Being a vegetarian is probably in your DNA

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According to a new study, going meatless may not be a matter of choice.

The study, published Wednesday in PLOS One, found that all four genes are associated with how well one can adhere to a vegetarian lifestyle.

“Genetics plays a significant role in veganism at this time and it can be said that some people are genetically better suited to veganism than others,” said the lead study author. Dr. Nabeel YasinProfessor of Pathology, Northwestern University Feinberg School of Medicine.

In addition to religious and cultural practices, health, moral and environmental reasons have all figured in motivating people to reduce or eliminate meat consumption — but they haven’t always been so successful, Yaseen said in an email.

“A large proportion of self-described vegetarians actually report consuming meat products when answering detailed questionnaires,” he said. “This suggests that many people who want to be vegetarian are unable to do so, and our data suggest that genes are also part of the cause.”

study It’s not possible to identify who is or isn’t genetically predisposed to veganism, but researchers hope future work will tackle that question, Yaseen said.

This could lead to better health information in the future, said Dr. Jose Artovas, director of nutrition and genetics and professor of nutrition and genetics at Tufts University in Massachusetts. Artovas was not involved in the study.

“This study highlights the complex relationship between our genes and our dietary choices, and in the future, we may have personalized dietary recommendations based on genetic predispositions,” he said.

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Knowing the genetic link could help improve personalized health advice, Yaseen said.

The researchers used data from the UK Biobank, a large biomedical database and research resource that follows people over long periods of time.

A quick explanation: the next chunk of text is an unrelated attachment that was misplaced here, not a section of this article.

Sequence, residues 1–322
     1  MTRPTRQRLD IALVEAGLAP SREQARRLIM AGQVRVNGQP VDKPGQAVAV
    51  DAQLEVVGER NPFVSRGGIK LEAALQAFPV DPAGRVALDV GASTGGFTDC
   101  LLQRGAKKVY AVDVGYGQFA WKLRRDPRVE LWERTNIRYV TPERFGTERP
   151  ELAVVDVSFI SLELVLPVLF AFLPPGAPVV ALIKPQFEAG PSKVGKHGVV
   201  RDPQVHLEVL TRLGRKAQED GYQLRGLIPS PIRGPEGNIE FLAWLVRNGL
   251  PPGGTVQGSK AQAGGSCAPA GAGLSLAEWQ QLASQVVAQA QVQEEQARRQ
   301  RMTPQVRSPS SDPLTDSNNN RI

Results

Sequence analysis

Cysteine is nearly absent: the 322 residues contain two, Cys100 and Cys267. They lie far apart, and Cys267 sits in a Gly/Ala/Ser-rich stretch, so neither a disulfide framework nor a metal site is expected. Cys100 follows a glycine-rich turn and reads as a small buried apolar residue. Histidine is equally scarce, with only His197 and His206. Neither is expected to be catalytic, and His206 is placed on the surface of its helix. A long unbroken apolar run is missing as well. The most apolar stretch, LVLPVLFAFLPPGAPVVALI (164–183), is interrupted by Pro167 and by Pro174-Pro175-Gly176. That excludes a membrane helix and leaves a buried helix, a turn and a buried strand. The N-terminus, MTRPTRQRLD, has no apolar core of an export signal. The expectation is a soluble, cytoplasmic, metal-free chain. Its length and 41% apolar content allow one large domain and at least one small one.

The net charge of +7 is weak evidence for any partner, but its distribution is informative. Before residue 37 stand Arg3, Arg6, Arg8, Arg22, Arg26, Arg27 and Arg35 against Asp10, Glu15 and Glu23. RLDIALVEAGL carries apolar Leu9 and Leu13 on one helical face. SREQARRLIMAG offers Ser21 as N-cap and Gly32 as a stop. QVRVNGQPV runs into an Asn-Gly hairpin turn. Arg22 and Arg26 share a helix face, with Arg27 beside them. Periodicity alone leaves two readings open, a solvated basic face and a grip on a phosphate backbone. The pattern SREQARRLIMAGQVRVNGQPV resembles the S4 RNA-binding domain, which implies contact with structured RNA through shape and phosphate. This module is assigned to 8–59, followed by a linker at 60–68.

More than 5,000 strict vegetarians, defined as those who ate no animal meat in the past year, compared with more than 300,000 people in a control group who had eaten meat in the previous year, according to the study.

The researchers identified three genes that were strongly identified and another 31 genes that could be identified with vegetarianism. In a genetic analysis, the researchers found that vegetarians had different variants of these genes than non-vegetarians.

That may be due to how different people process lipids or fats.

Many of the genes found in the study to be associated with vegetarianism are related to metabolizing lipids, Yaseen said.

Plants and meat differ in the complexity of their lipids, he said, so some people may genetically need some of the lipids provided by meat.

“We hypothesize that this is due to genetic differences in fat metabolism and how it affects brain function, but more research is needed to investigate this hypothesis,” Yaseen said.

The study has limitations, Artovas said.

Everyone in the analysis was white, which Yassin said kept the sample homogenous to avoid cultural practices confounding the results.

But it holds data applicable to the entire population, Artovas said.

While the study doesn’t provide a definitive answer, it’s an important insight into nutrition, he said.

“This study shines a light on a relatively unexplored area of ​​research: the genetics behind food preferences,” Artovas said. “The association of genetic variants with long-term strict vegetarianism suggests a biological basis for this dietary choice, beyond cultural, ethical or environmental reasons.”

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